Few, if any, bands of the late 1960s and early 1970s had a specific ‘brand’ logo that was consistently used throughout their album sleeves and merchandise. It wasn’t until the late 1970s that bands began to see the power of consistently branding their product with the same logo design (e.g. AC/DC, IRON MAIDEN).
Black Sabbath were no exception to this lack of brand identity in their early years and their sleeve designers used a myriad of logo styles to identify their latest release, with complete disregard for design continuity!
1. BLACK SABBATH
Nearly everybody will try and tell you that the debut album sleeve has a logo that is made up of Letraset “Manuscript Capitals”…and they’re wrong! Close, but wrong!.
Here’s the logo from the album sleeve with the same characters from Letraset’s “Manuscript Capitals” positioned beneath for comparison:
You can see certain similarities, but far too many differences for it to be a close match. It would seem therefore that Marcus Keef (aka Keith MacMillan; read this article on RareRecordCollector.net) either used the Letraset letter forms for inspiration and redrew it to suit the wording ‘Black Sabbath’ or it’s from an entirely different source altogether. Sadly, Mr MacMillan ignored my request for an interview on this and his other album sleeve designs. There is a digitised version of Manuscript Capitals available for download but it is pretty awfully executed and not really worth downloading in my opinion.
Another Marcus Keef design and featuring lettering that is obviously hand drawn. There is a reasonable version of this that’s downloadable, called “Dark Black”. Here’s the album logo and the digitised version below for comparison:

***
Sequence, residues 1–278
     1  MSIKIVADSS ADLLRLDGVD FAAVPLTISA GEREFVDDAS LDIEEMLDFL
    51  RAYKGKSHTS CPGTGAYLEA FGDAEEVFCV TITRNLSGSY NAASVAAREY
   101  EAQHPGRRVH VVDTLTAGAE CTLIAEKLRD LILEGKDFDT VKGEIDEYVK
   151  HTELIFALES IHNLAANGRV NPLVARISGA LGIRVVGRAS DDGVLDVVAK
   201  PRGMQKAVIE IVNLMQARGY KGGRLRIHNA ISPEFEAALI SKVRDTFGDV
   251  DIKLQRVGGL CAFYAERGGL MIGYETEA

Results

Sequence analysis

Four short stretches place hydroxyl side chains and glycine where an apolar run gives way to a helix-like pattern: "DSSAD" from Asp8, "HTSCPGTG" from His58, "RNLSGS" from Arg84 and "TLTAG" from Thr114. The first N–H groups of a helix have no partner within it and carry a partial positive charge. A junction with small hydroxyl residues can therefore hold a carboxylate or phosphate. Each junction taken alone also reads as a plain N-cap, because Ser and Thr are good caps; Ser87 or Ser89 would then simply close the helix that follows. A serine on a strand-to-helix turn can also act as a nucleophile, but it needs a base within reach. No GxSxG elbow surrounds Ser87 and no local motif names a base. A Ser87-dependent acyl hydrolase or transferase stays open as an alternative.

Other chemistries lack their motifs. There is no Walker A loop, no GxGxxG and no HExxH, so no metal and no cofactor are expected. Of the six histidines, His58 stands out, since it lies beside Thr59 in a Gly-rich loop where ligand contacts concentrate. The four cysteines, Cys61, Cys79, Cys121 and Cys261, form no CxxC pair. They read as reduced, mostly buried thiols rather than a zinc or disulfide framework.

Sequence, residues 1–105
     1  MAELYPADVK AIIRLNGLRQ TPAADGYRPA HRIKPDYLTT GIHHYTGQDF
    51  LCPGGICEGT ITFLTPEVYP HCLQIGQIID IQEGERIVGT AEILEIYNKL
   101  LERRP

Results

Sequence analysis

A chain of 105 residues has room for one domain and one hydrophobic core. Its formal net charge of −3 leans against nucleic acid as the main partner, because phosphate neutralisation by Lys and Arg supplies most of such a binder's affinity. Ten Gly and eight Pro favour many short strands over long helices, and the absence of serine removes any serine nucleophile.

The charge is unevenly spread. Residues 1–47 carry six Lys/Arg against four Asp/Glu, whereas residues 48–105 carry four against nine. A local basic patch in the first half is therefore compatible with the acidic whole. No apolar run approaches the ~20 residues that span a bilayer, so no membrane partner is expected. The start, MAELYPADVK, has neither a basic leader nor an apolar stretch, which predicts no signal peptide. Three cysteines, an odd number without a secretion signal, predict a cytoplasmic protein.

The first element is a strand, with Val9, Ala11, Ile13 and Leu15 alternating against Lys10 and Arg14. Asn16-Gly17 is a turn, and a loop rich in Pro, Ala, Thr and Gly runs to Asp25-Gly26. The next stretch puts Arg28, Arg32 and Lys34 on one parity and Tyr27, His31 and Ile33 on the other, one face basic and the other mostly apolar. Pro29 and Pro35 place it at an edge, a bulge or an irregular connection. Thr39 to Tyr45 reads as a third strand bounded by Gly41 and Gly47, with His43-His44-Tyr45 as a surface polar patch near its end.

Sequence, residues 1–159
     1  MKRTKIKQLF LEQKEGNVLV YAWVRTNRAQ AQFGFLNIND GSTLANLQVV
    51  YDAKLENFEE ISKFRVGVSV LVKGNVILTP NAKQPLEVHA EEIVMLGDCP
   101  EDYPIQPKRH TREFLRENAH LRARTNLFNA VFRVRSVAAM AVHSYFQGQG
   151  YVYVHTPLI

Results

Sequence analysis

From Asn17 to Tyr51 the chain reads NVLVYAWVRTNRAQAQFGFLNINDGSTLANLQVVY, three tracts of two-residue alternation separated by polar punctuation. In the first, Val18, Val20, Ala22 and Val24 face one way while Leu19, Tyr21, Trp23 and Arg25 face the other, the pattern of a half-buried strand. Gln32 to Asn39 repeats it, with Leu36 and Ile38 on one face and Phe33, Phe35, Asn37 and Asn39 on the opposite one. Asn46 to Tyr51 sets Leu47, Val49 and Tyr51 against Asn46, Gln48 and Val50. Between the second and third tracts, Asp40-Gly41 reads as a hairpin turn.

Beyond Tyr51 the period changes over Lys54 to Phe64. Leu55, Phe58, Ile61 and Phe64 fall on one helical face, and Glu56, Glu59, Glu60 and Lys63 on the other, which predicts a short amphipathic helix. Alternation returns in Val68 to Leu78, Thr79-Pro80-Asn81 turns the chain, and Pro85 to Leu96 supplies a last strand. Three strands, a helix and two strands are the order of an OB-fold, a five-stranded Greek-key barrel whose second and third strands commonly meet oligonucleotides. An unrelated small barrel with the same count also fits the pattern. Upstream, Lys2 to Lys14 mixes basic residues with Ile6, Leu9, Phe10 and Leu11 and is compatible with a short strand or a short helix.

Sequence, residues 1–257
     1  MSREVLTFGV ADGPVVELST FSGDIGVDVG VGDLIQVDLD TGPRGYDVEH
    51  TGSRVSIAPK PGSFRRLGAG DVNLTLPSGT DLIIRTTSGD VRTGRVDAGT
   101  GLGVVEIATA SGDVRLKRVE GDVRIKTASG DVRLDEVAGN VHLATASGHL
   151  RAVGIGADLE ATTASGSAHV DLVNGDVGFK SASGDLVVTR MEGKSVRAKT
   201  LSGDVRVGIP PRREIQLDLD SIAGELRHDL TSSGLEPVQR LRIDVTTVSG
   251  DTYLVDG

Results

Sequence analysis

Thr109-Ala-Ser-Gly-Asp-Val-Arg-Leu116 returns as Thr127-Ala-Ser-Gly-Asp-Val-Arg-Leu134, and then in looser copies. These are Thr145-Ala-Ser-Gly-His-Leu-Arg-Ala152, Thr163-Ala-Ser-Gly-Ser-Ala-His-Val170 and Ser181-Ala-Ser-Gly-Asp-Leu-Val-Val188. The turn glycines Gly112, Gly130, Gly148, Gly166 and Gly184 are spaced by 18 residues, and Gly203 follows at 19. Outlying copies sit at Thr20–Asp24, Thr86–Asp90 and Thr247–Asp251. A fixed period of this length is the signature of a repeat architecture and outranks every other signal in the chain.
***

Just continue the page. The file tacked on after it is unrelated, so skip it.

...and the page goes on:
What’s immediately apparent is that the ‘counters’ or ‘apertures’ of the B A and P characters are missing or filled in. Otherwise, it’s not a bad rendition.
3. MASTER OF REALITY
Designed by Bloomsbury Group and art directed by Mike Stanford, the design is based on distorted and emboldened lettering using the font Kabel Ultra. With some warping and emboldening of each individual character in Illustrator or Photoshop it would be possible to accurately recreate this logo style:
4. BLACK SABBATH VOL.4
Here’s another oft-mistakenly identified Sabbath font. Sadly, it’s not Baltar, Balta or Washington Black…it’s hand-drawn and nothing comes close to it in digitised format.
The original logo is at the top, Baltar font in the middle and Washington Black at the bottom. As you can plainly see, neither is anywhere near close.
5. SABBATH BLOODY SABBATH
This album features a distinctive hand drawn lettering style for the album title that dominates the front cover above the striking deathbed scene illustration. The band logo is simply an Old English blackletter font which is very discretely placed beneath the illustration. Cloister Black is freely available.
Simply uses Futura Extra Black Condensed with a hand drawn, stylised ‘S’. This logo was also used by the NEMS record label for the ‘We Sold Our Souls For Rock ‘n’ Roll’ compilation double album in 1976…one of the first times a logo style had been repeated, although it was a cynical label cash-in and not a ‘legitimate’ band release:
7. TECHNICAL ECSTASY
Futura Demi Bold for both album title and band ‘logo’.
8. NEVER SAY DIE
This album was originally scheduled to have a completely different front cover design by Hipgnosis (it was eventually used for Rainbow’s “Difficult To Cure” LP – see the alternative design as it might have appeared here at RitchieBlackmoresRainbow.wordpress.com)
The stencil logo for the Never Say Die album can be closely recreated with Portago font, with the ‘A’ character obviously substituted for the graphic triangle symbol.